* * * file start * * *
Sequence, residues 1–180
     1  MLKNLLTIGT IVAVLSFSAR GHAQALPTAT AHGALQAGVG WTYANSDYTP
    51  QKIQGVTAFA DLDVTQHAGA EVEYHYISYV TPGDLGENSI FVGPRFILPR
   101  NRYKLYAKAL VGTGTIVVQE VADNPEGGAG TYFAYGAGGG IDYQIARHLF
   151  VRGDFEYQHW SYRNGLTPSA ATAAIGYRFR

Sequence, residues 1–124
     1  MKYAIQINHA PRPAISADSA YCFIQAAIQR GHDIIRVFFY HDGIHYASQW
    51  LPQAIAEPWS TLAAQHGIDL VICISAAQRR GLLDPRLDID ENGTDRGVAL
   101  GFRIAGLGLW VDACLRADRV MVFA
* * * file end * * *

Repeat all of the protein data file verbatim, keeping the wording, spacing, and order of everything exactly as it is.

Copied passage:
Sequence, residues 1–180
     1  MLKNLLTIGT IVAVLSFSAR GHAQALPTAT AHGALQAGVG WTYANSDYTP
    51  QKIQGVTAFA DLDVTQHAGA EVEYHYISYV TPGDLGENSI FVGPRFILPR
   101  NRYKLYAKAL VGTGTIVVQE VADNPEGGAG TYFAYGAGGG IDYQIARHLF
   151  VRGDFEYQHW SYRNGLTPSA ATAAIGYRFR

Sequence, residues 1–124
     1  MKYAIQINHA PRPAISADSA YCFIQAAIQR GHDIIRVFFY HDGIHYASQW
    51  LPQAIAEPWS TLAAQHGIDL VICISAAQRR GLLDPRLDID ENGTDRGVAL
   101  GFRIAGLGLW VDACLRADRV MVFA